Noted Irish poet Macdara Woods dies at age 76
Work of almost five decades adds up to a life-long unitary project of great coherence
Poet Macdara Woods, who has died, photographed in November 1999. File photograph: Frank Miller/The Irish Times
The poet Macdara Woods, who died on Friday at the age of 76, was regarded as one of the senior figures in Irish poetry. Dublin-born Woods was married to the current Ireland Professor of Poetry, Eiléan Ni Chuilleanáin with whom he was also a co-founder and editor of the literary journal Cyphers, a title also given to one of his earliest poem sequences.
He began publishing in the 1960s and his first collection, Decimal D Sec. Drinks in a Bar in Marrakesh, appeared from New Writers’ Press in 1970, followed by Early Morning Matins from Gallery Press. He subsequently published eleven collections with Dedalus Press including a Collected Poems in 2012 and his last book, Music from the Big Tent in 2016.
When the poet was once asked the question “Why do you write poems?” he replied that “I get restless if I don’t”. That note of restlessness gave character and shape to his poetry. In a review of his work in The Irish Times, Bernard O’Donoghue noted “the tendency of his poems to push the boundaries of Irish poetry” – that was one of Woods’s singular and striking hallmarks and achievements. He was among the young poets of his generation who looked to Patrick Kavanagh and took his advice on finding a renewed order and new individuality in poetry.
Born on Dublin’s Leeson Street, he was very much wedded to place and identifiably so in his Dublin poems, specifically those located on home ground in Ranelagh – to which he returned again and again with inventive poetic success.
Reviewing his last book, Music from the Big Tent, I stated that I regarded Woods as among the maverick poets of the last half century. It was a characteristic that gave his work its distinction and authority, work of almost five decades that adds up to a lifelong unitary project of great coherence.
He recorded his poems for Harvard, the British Council and UCD Poetry Archive and was an eloquent and melodious public reader of his work – always attentive to the musical cadence of the language in his poetry which has been set to music by a number of composers and performed by Anuna. In Music from the Big Tent he adopted the ballad-form for several poems, presenting new lyrics for several old airs and melodies. He had what was once described as “a natural affinity with the ballad, the song, the lyrical”.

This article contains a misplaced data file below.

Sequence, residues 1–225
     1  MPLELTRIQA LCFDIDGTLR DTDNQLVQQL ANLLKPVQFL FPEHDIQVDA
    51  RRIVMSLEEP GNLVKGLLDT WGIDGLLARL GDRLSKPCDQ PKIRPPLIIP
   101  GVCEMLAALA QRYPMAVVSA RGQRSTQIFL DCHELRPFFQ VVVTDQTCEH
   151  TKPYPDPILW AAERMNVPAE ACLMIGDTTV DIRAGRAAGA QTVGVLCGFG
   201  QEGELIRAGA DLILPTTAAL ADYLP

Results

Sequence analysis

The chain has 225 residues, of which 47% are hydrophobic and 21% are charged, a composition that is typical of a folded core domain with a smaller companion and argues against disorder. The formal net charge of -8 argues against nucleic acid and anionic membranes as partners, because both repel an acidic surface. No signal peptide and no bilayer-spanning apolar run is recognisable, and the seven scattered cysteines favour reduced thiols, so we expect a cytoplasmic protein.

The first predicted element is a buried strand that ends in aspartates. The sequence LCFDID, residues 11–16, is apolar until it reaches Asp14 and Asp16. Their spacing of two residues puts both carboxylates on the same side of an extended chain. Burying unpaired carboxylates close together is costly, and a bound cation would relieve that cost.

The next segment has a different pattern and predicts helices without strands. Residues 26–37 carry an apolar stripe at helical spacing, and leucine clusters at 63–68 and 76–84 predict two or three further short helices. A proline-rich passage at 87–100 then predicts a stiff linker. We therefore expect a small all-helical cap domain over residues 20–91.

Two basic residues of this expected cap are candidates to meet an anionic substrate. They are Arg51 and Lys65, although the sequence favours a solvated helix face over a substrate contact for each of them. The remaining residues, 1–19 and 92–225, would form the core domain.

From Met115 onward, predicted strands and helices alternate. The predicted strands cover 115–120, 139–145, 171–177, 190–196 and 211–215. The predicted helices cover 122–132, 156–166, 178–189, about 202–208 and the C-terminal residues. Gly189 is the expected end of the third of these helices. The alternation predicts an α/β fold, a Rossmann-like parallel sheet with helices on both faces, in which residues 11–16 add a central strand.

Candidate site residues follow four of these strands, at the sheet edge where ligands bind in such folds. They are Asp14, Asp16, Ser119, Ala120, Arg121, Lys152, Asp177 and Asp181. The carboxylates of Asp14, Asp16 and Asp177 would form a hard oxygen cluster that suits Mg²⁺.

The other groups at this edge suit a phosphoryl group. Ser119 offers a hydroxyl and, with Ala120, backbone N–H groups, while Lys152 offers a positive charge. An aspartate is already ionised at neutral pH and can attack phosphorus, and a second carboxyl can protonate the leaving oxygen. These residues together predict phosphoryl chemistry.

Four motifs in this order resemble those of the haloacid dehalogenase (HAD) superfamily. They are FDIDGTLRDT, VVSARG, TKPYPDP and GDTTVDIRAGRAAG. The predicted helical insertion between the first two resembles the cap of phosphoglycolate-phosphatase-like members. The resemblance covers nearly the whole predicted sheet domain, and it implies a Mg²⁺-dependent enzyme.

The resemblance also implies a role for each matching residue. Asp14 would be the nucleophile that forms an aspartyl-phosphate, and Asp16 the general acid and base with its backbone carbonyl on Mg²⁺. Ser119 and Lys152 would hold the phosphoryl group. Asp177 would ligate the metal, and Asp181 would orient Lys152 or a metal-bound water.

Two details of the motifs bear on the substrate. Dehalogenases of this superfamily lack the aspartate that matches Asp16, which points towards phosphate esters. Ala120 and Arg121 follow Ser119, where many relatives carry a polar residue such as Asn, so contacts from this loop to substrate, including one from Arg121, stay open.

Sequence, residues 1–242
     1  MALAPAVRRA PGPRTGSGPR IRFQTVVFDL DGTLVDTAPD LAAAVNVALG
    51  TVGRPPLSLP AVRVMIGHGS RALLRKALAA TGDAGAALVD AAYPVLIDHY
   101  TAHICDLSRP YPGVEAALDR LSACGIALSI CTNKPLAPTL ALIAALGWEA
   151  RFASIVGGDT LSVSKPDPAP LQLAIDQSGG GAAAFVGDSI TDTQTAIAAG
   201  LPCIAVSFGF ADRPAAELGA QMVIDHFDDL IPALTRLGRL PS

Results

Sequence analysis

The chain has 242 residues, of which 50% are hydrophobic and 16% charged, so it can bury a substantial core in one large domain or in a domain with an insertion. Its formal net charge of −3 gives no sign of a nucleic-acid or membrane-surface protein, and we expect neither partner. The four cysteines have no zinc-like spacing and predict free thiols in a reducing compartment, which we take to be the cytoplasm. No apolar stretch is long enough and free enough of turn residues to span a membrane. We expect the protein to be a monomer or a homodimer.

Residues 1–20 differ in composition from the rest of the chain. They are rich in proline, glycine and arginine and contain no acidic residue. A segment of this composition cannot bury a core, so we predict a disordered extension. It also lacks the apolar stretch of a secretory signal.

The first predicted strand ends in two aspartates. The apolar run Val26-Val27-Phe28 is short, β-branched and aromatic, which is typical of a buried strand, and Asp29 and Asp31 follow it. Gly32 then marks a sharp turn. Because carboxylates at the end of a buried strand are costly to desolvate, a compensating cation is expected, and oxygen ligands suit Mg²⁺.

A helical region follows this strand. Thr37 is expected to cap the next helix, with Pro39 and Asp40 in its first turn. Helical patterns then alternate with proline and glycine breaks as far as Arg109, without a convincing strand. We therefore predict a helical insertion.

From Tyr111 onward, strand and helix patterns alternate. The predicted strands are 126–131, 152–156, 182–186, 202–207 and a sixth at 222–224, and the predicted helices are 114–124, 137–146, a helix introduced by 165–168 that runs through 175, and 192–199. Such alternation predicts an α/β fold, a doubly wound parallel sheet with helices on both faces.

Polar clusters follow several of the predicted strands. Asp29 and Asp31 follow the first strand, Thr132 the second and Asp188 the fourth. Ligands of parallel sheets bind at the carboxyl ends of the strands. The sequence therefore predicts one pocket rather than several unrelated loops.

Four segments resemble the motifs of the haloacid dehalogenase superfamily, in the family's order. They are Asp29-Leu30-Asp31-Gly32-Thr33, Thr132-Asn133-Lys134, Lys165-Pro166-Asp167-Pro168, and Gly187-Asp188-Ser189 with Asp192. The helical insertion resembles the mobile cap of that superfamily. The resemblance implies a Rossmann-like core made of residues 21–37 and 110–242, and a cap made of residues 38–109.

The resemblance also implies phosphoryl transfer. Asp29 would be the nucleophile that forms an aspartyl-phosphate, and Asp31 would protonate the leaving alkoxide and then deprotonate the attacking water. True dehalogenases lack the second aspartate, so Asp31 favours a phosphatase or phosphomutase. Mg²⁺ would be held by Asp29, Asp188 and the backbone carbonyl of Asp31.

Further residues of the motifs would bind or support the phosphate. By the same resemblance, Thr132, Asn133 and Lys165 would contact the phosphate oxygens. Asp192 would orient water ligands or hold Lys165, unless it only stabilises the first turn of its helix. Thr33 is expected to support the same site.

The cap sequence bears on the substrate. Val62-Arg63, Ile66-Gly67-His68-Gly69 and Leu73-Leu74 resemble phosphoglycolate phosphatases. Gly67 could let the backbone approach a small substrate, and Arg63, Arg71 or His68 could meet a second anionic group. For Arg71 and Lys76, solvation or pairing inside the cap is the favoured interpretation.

Much of his poetry was autobiographical in content, focusing on the immediacy of the moment. Some of the most compelling poems in Music from the Big Tent address – with directness and honesty – the frailties of age, the poet becoming aware that
We last from day to day
Not more than that. That’s it. Enough
His friend, the poet and broadcaster Vincent Woods recalled the “breadth, freshness, fire and originality of his work; his proud belief in the true value of the poem” and poet Eva Bouke described him as “the master of the unexpected, the surreal, the arresting turn of phrase, of contradictory moods and uncommon poetic settings or registers that are uniquely his – nothing is predictable or stale, everything is new and fresh”.
Last April he was joint winner, with Mary O’Malley, of the Eigse Michael Hartnett Poetry Prize and in defiance of his illness made his way to Newscastlewest in County Limerick to receive the award. For many years he conducted writing workshops in prisons. His work was translated into several languages, including Italian; a passion for Umbria took him there on an annual basis until his recent illness. Macdara Woods was elected to Aosdána in 1986.